Pioneering Surgery at Texas Children's

Asher Matthews received a breakthrough surgery before he was even born. Asher’s diaphragm had a hole in it, and most of his abdominal organs had entered his chest, making it difficult for his lungs to grow and develop properly.

It was the news Kylee Matthews and her husband waited to hear: “It’s a boy!” Sadly, their excitement soon turned to concern.

“I’ll never forget the look that came over the technician’s face as she was performing my sonogram,” Kylee remembered. “I knew something was wrong, and my heart sank.”

Kylee’s fears were confirmed. Asher, her baby boy, had a very severe, life-threatening condition called a congenital diaphragmatic hernia. Asher’s diaphragm had a hole in it, and most of his abdominal organs had entered his chest, making it difficult for his lungs to grow and develop properly.

The Matthews Family
The Matthews Family

“I had never even heard of this condition before,” Kylee said. She and her husband were given very little information about how they could help their unborn child. They left the doctor’s office in a panic, not knowing what to do — until they found Texas Children’s Hospital.

“Texas Children’s gave us so much hope,” she said.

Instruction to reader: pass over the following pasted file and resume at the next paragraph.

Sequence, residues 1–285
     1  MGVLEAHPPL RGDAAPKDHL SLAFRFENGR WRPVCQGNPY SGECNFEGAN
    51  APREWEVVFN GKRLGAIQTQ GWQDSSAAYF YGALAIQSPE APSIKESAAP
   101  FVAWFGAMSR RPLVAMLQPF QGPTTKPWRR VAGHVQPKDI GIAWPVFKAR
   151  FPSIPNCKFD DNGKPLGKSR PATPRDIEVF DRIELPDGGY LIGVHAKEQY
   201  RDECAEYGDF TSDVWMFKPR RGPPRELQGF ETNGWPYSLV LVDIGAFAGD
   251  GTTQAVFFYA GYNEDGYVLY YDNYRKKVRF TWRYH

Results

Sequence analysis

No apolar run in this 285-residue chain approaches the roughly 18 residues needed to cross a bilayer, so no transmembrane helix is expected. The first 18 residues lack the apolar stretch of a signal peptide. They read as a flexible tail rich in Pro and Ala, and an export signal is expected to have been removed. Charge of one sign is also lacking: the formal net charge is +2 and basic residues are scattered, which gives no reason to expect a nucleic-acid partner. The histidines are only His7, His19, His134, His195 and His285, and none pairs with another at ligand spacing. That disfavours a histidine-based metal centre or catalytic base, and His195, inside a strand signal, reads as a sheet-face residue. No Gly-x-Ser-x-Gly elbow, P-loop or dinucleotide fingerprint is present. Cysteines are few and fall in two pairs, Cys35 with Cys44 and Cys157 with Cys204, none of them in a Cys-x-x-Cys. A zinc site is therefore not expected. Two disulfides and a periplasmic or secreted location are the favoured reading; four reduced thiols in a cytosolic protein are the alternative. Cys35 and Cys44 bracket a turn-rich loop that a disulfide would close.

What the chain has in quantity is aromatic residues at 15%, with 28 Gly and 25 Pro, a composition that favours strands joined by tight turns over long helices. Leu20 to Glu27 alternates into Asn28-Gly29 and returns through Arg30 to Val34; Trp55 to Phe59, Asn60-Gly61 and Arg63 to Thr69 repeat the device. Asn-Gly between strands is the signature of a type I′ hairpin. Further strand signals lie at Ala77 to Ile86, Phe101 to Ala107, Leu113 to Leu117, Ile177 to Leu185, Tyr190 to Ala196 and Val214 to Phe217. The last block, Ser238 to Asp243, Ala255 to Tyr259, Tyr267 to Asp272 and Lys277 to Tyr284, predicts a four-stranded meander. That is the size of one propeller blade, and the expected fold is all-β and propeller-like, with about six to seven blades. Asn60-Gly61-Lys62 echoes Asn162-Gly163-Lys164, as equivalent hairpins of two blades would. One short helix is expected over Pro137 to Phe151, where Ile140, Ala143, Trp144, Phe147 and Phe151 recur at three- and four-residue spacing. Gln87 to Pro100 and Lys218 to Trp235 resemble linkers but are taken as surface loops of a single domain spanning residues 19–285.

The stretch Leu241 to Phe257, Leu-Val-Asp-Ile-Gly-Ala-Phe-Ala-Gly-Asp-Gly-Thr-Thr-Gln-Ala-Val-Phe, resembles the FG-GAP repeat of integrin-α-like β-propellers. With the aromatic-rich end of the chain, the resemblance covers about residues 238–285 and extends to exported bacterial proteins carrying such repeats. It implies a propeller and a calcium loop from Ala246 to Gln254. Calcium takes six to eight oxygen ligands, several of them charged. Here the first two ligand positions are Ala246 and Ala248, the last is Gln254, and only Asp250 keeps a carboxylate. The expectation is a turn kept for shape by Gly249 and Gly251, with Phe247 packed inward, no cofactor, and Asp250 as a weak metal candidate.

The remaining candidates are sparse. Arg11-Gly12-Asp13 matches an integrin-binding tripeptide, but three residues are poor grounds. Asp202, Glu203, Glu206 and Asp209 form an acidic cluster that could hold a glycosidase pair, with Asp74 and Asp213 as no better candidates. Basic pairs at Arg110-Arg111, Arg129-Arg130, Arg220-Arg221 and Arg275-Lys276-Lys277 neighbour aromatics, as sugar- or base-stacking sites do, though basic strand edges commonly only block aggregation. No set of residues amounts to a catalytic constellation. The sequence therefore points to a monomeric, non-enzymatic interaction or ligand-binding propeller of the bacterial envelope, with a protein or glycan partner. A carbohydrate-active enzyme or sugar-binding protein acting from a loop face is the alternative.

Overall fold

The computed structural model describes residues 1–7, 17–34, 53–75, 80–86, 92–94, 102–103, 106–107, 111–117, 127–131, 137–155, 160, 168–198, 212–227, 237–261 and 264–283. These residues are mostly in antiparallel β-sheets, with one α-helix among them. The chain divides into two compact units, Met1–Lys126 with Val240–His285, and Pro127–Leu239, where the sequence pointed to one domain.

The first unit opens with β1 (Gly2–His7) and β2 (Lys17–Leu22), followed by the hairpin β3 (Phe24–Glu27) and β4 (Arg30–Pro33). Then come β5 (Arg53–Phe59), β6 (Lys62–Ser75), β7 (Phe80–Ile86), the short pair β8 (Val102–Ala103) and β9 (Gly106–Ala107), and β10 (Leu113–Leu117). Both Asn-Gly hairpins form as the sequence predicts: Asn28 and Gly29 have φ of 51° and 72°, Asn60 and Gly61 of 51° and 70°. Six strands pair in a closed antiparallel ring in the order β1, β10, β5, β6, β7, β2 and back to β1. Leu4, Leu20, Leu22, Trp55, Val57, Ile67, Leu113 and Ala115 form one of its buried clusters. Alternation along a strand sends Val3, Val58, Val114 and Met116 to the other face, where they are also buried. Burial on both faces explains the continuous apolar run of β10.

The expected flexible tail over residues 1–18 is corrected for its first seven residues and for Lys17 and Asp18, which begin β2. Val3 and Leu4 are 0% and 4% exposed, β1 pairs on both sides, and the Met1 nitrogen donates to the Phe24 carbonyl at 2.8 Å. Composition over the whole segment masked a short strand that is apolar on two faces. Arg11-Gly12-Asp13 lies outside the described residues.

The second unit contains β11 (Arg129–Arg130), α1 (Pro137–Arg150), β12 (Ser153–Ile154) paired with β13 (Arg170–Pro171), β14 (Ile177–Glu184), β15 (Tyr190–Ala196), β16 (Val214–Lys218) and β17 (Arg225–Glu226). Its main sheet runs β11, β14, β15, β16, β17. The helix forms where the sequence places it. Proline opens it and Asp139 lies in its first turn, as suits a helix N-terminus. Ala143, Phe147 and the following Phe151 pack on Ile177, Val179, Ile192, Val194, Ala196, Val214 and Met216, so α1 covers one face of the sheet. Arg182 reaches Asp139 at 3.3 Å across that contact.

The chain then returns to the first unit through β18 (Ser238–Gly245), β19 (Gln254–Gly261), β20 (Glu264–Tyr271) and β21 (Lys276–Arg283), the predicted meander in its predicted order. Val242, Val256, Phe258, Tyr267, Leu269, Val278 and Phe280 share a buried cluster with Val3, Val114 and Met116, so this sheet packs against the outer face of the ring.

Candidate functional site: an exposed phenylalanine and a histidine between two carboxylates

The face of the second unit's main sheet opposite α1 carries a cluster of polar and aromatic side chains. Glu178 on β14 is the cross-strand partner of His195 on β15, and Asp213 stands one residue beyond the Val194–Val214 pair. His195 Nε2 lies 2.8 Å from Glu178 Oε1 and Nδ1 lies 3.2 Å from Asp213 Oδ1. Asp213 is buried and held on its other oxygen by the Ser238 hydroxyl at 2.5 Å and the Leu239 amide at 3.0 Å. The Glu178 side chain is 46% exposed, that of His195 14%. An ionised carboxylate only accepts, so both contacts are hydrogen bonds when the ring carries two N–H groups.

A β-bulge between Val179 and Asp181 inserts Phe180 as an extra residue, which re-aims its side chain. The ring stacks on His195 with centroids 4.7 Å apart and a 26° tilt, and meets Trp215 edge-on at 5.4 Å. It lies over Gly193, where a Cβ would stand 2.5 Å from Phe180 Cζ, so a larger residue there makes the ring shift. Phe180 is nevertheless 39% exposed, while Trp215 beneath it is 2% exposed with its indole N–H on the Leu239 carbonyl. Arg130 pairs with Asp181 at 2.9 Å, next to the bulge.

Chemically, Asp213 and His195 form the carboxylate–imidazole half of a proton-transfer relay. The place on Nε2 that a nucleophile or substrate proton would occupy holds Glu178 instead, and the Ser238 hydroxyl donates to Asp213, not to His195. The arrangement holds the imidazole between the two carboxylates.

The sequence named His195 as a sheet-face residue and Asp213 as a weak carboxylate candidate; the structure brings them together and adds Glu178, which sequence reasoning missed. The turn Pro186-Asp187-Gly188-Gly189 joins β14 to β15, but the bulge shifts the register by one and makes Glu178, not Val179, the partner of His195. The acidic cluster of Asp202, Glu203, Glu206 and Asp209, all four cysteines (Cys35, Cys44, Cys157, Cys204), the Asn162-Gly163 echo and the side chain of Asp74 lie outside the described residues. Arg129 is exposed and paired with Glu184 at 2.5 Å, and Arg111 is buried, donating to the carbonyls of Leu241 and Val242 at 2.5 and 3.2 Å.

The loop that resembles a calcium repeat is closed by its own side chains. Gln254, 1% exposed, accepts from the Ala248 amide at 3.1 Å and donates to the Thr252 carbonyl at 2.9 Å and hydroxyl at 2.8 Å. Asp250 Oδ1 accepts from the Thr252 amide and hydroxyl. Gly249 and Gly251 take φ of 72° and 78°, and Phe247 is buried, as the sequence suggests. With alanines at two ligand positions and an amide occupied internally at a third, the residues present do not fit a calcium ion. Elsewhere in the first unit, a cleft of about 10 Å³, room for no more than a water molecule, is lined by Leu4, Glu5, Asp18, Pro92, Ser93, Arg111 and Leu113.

Our doctors performed a breakthrough surgery — before Asher was even born — to allow his lungs to grow. In fact, Texas Children’s is one of the pioneers in this surgical technique. It gave Asher a head start so that once he was born, he could have the surgery to repair his hernia.

Two days after he was born, surgeons repaired his hernia and placed his abdominal organs back into his abdomen. It was no small feat, but as Asher healed, our staff worked to keep his airway open and help him breathe, until the day he was strong enough to breathe on his own.

“After 193 days in the neonatal intensive care unit, we were able to bring our happy miracle baby home,” Kylee recalled. “I can’t put into words how grateful we are for our team of maternal-fetal medicine specialists, neonatologists, nurses, respiratory therapists, surgeons, fellows and many more.”

Kylee admits that the NICU was a scary place to be, but the nurses there always made her feel comfortable. “Through all of the ups and downs, I’m so thankful to share that I have my happy 13 month old baby with me at home at last. I don’t think I’ll ever be able to thank our team from Texas Children’s Hospital enough, but I hope each person knows how much they mean to our family.”

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